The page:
Adults remember highly charged emotional events, from a first kiss to the death of a loved one. Infants, however, remember just the good times.
A Brigham Young University study published in Infant Behavior and Development found babies just 5 months old are more apt to remember positive events than either neutral or negative ones.
Affect and emotion are among the first things babies and others communicate about, said lead author Ross Flom, an associate professor of psychology. The baby can't say she's hungry or upset, but she can coo or cry and otherwise clue those around her to whether she's in a happy state or not.
Ask a child or adult about a first memory, he said, and it's likely that the recollection will hark back to age 3 or 4.
"We know memory forms in infants, but they don't remember them," said Flom, who explained that describing early memory involves language and babies don't have that, so very young memory is "stored in kind of a sensory-motor type of code."
How long those memories stick around is also unknown, he added.
"A newborn can recognize and remember the sound of his mother's voice, though he only heard it in utero," Flom said. "They are capable of learning and knowledge."
Design and findings
For the study — the first to look at how emotion impacts baby memory — the researchers set babies in front of a flat-panel monitor on which an individual spoke with either a happy, angry or neutral voice and face. Then they were shown a geometric picture similar to what one might see in a kaleidoscope, made up in the colors black, blue and gray.
After five minutes and again a day later, the babies were shown the original image from the study and a new one next to it of the same colors, pattern slightly rearranged. The researchers looked to see what the baby was eyeballing, since babies are known to prefer to look at new, unfamiliar things, said Flom and a study co-author, Brock Kirwan, assistant professor of psychology and neuroscience. They measured where the infants looked and for how long.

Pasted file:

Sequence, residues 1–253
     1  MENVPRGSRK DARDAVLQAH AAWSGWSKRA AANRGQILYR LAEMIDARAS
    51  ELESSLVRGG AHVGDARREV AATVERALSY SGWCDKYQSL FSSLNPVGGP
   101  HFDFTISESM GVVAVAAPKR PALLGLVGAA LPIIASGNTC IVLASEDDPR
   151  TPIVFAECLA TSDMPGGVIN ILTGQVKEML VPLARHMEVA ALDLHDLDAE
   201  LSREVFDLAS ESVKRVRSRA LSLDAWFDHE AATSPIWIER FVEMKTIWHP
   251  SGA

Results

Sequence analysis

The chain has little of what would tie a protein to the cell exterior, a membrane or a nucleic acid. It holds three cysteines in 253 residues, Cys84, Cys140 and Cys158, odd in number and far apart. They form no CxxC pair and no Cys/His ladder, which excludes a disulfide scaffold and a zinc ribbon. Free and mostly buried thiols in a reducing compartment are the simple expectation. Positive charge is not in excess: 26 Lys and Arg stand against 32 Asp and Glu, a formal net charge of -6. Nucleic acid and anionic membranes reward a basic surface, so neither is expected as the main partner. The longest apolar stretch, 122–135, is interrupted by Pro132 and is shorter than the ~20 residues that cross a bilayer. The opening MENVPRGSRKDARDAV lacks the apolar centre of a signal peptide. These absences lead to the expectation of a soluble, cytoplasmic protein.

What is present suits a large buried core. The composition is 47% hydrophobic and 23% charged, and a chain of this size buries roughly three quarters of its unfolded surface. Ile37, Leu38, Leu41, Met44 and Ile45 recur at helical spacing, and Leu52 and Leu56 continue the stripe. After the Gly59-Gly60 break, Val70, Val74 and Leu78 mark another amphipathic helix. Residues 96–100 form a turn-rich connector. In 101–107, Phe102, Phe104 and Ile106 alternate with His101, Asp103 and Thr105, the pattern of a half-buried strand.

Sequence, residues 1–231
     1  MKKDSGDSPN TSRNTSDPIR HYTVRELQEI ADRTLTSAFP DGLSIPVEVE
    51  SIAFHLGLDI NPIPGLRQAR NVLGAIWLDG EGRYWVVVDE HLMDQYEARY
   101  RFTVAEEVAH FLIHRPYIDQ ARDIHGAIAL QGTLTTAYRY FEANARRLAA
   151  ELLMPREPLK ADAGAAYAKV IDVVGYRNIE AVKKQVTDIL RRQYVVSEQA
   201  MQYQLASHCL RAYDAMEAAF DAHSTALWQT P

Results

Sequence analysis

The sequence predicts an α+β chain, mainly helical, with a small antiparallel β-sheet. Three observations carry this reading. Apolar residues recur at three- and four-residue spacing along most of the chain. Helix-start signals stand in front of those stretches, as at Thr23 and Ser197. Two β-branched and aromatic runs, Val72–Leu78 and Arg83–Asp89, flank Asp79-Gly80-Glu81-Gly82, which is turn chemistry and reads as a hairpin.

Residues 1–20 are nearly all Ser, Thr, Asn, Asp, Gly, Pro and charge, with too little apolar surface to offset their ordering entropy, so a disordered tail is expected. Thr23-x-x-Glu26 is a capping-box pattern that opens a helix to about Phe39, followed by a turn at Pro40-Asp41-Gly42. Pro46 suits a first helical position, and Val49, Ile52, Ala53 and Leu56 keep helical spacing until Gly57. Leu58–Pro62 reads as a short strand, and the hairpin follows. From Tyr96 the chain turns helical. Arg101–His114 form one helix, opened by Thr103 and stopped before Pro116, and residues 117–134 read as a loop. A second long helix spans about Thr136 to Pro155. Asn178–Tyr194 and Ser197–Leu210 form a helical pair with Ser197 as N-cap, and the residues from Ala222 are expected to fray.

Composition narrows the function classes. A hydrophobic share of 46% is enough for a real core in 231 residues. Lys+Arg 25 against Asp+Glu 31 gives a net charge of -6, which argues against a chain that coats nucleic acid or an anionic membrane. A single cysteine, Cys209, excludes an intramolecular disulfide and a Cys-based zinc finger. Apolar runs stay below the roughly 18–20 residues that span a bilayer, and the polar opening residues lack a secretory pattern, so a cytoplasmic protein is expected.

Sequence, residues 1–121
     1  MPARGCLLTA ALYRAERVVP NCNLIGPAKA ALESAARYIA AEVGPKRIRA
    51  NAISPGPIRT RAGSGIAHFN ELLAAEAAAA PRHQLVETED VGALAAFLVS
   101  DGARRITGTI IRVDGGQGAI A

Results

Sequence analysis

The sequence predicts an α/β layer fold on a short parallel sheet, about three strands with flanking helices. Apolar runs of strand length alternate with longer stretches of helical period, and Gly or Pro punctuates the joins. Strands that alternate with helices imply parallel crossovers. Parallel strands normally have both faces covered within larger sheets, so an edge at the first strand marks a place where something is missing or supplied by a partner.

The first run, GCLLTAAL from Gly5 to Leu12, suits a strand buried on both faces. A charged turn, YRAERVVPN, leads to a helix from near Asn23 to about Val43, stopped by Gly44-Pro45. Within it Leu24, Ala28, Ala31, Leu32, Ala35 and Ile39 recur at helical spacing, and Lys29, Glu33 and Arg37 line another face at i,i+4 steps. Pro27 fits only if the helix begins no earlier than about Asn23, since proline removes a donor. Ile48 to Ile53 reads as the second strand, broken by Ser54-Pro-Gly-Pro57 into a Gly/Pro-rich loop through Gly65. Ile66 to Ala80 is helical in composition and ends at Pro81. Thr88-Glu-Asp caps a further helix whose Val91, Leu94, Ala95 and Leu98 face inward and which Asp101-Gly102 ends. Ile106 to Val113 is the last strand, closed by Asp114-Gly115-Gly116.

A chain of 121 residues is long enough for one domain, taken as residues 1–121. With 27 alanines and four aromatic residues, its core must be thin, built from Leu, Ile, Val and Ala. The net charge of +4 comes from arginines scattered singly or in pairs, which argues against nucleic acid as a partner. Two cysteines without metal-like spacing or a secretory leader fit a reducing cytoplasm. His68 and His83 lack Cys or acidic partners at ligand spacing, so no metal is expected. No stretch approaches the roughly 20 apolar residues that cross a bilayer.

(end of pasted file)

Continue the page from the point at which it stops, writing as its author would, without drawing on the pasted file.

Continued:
The babies' memories for the pictures were significantly better when the first exposure was linked to a positive voice and face.
"We think what happens is that the positive affect heightens the babies' attentional system and arousal," Flom said in background material for the study. "By heightening those systems, we heighten their ability to process and perhaps remember this geometric pattern."
Using what they learn
Kirwan studies adult memory, his particular interest is how the brain forms and retains long-term memory.
"I think it's interesting that at even 5 months, you see the effects on memory of emotion," he said. "After a five-minute delay, you see better memory after a positive emotion than a negative or neutral emotion."
Adults remember the positive, but they also remember negative, such as a trauma like a car accident or death. That's largely due to the way the brain is set up, he said. It's possible that a reward circuitry of some kind comes into play for remembering positive emotions. He's studying it in adults and would like to study it in younger subjects.
The findings on baby memories might have some impact in learning environments, like schools, both Kirwan and Flom said. Maybe a positive environment would improve children's ability to learn. It could have implications for how classrooms are structured.
"Do you learn better if you lose points for poor behavior or if you gain points for good behavior?" Kirwan said. "There are all sorts of implications based on context."
Study co-authors were undergraduate and master's students Rebecca B. Janis and Darren J. Garcia.
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